I last joined back in 2004 through Susan Turnbull (Ret. GSA) and Brand Niemann's (EPA) Collaboration Expedition Working Group held at NSF each month. This was my introduction to the spectrum of semantic technologies.    (441G)

Since then, I consulted with a small number of clients, mostly around the DC area, generally around knowledge management and IT.    (441H)

In November 2011, I returned to a writing project, a book called Partnership 2.0. It is about partnerships of any scale, from two people to seven countries. The main "lens" I use to view partnerships is gender (though clearly other dimensions of culture, or inequality, like race and class, are also possible). I got to the project using that lens after a career in elementary particle physics where the question "Why are there so few women in science?" was persistently in the background. I never saw a way to model the problem from that place. However, gradually, since 1999, by moving to the larger frame of partnership, the question has shifted from an intractable problem, to a signal, when compared to relatively more progress in, say, medicine and law, since 1970. What is that signal trying to say? I model that in the first third of the book. The model lays bare several classes of invisible psychosocial processes related to entitlement, privilege and advantage. I have written an analog simulation for the model using MacSPICE intended to render these advantages visible to those who hold them in a plain, nonthreatening and objective way. The middle third of the book collects approximately 150 awareness building and acculturation modalities for applying the model to shift cultures - these are useful to establish the testability of the model, and, if proven, its applicability. This will take at least a generation. The last third of the book contains a number of scenarios set in a wide variety of cultures, each with a different expression of gender equity as no longer new, imperfect, and set perhaps a further generation into the future. These scenarios are intended to answer the question, 'When we 'get there', what will it look like, concretely?"    (441I)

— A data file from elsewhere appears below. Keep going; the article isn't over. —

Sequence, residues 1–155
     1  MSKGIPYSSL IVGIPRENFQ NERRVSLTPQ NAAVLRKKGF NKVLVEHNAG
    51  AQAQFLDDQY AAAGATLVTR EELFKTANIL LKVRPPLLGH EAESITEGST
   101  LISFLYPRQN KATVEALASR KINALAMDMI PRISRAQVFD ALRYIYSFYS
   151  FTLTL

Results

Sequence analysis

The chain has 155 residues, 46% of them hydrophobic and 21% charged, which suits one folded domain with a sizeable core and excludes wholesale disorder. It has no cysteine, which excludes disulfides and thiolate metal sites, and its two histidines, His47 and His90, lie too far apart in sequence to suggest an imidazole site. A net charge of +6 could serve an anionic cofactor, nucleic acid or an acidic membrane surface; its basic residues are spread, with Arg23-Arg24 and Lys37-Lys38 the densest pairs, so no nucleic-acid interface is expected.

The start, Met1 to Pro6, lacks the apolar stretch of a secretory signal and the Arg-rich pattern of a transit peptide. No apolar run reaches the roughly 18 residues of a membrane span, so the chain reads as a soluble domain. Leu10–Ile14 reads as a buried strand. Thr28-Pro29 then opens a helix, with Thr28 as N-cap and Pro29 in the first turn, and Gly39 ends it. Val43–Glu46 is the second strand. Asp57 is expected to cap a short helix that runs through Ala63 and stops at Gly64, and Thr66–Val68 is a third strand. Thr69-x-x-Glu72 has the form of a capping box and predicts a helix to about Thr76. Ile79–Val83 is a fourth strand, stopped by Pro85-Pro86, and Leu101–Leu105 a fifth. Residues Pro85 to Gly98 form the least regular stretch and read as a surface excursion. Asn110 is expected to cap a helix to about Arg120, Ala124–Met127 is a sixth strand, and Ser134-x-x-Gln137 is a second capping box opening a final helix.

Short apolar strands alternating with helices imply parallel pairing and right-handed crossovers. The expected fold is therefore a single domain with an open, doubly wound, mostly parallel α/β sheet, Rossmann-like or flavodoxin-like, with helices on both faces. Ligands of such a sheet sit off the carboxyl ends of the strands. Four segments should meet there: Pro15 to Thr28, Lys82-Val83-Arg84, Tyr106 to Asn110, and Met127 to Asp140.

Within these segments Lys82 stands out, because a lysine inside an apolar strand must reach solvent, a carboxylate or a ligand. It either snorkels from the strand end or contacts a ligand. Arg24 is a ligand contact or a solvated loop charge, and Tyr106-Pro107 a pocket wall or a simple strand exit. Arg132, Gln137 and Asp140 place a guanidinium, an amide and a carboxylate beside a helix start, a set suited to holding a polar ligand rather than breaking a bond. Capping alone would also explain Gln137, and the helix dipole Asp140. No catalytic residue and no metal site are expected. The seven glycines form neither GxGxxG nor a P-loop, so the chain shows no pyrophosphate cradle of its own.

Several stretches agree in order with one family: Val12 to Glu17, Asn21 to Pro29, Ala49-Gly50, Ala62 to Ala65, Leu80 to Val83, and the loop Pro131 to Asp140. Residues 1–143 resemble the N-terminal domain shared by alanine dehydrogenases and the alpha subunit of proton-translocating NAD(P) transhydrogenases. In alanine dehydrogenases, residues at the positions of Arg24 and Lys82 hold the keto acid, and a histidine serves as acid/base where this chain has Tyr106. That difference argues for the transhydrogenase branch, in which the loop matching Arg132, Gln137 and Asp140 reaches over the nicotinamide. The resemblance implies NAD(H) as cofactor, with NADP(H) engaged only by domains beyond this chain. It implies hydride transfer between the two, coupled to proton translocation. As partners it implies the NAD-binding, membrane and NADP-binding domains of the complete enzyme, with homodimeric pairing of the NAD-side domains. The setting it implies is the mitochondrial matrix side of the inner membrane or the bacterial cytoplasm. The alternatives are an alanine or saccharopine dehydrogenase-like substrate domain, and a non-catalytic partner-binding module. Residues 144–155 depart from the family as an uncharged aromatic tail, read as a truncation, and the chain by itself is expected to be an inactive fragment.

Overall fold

Sure sounds far afield from physics and ontologies.    (441J)

Mark Frautschi +1 202-425-4012 mark dot frautschi at verizon dot net    (4423)